However a transformation is taking place in the latter district.  Its decade-long gentrification has shifted up a gear, and rich young gwailos and westernized locals are clamouring for apartments there.  The families that are the longstanding owner-occupiers of the poky flats in 40-year-old six-storey walk-ups typically live on maybe HK$10,000 a month at the most.  The father does maintenance work in a seedy old shopping mall, while the mother drives a school bus or cleans offices.  Granny stays at home and the kids go to school.  Then they learn that a gwailo will pay HK$10,000 a month to live in their apartment.  So they move to a similar HK$5,000 a month unit elsewhere and enjoy a 50% rise in income.  Or they hear that an investor will pay HK$2.8 million or so in cash for their crumbling hovel.  They grab it and retire to the mainland.  The new owner is canny.  He spends a lowish six-figure sum renovating the flat, turning it into a modern-looking and vaguely spacious-looking studio, with a fitted kitchen and bathroom.  The aforementioned yuppie types may be guileless enough to pay HK$25,000 a month for it.  That’s a 10% yield for the landlord.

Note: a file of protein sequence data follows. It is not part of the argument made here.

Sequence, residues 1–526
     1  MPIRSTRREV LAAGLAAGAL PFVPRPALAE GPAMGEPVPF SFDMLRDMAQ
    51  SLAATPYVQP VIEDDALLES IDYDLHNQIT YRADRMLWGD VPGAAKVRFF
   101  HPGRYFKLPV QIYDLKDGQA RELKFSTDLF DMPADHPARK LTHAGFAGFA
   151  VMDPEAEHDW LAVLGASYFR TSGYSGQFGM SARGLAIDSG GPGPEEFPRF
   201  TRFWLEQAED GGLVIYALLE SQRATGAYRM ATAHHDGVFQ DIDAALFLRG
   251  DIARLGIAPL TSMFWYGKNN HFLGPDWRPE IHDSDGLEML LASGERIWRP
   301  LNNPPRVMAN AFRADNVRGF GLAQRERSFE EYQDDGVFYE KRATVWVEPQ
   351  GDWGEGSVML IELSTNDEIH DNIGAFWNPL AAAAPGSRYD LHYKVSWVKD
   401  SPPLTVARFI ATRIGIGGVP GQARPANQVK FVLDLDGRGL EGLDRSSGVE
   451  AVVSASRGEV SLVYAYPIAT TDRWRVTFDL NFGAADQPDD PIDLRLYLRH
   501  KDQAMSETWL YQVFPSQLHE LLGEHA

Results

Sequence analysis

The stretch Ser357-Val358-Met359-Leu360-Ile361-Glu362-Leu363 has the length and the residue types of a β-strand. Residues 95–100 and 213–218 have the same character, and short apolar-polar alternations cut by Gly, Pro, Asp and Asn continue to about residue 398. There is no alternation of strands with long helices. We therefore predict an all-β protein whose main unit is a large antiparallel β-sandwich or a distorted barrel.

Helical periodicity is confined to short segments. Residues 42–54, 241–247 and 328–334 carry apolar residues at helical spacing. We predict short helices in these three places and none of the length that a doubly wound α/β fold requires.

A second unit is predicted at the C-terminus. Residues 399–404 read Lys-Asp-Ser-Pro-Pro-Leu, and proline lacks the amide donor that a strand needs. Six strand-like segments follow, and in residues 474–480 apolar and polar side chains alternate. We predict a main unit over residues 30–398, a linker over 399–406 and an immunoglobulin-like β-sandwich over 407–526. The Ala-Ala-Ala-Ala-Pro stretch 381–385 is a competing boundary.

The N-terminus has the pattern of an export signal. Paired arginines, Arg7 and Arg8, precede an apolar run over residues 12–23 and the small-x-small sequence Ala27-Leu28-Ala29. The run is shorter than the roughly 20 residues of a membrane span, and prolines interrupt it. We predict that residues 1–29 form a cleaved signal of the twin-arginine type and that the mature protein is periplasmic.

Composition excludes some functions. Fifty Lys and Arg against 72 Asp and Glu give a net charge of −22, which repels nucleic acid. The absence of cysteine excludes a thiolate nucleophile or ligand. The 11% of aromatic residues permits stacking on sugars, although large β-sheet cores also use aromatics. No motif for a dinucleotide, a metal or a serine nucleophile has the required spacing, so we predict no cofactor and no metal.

However, this serendipitous process in which everyone comes out happy requires a temporary setback to the tone of the neighbourhood in the form of an incursion of a lower class of person from distant parts of the city.  I refer here not to the public housing estate bunnies who stroll through the trendy area in the evening in their miniskirts as a special treat, nor to the children from low-achieving schools in Yuen Long who occasionally come on field trips to observe the luxurious lifestyles enjoyed by people not educated in accordance with the Hong Kong Education Department’s curriculum.  I refer to the builders, the men who tear out the walls of the old flats and convert them into gleaming, open-plan properties.  They ride along the escalator, looking thoroughly out of place in their dusty and plaster-smeared overalls, and – this is where my story begins – a cigarette dangling from their lips.  He was apprehended by one of the new Tobacco Control Officers, who was soon backed up by a group of us civic-minded citizens.  After he remonstrated, we dragged him to the ground, bundled him up and tossed him over the side of the aerial walkway where it crosses Hollywood Road.  He was last seen sprawled on the roof of a double decker bus, possibly heading across the harbour to the same remote, dark, festering tenements whence he came.  In which case, who in this tale does not come out a winner?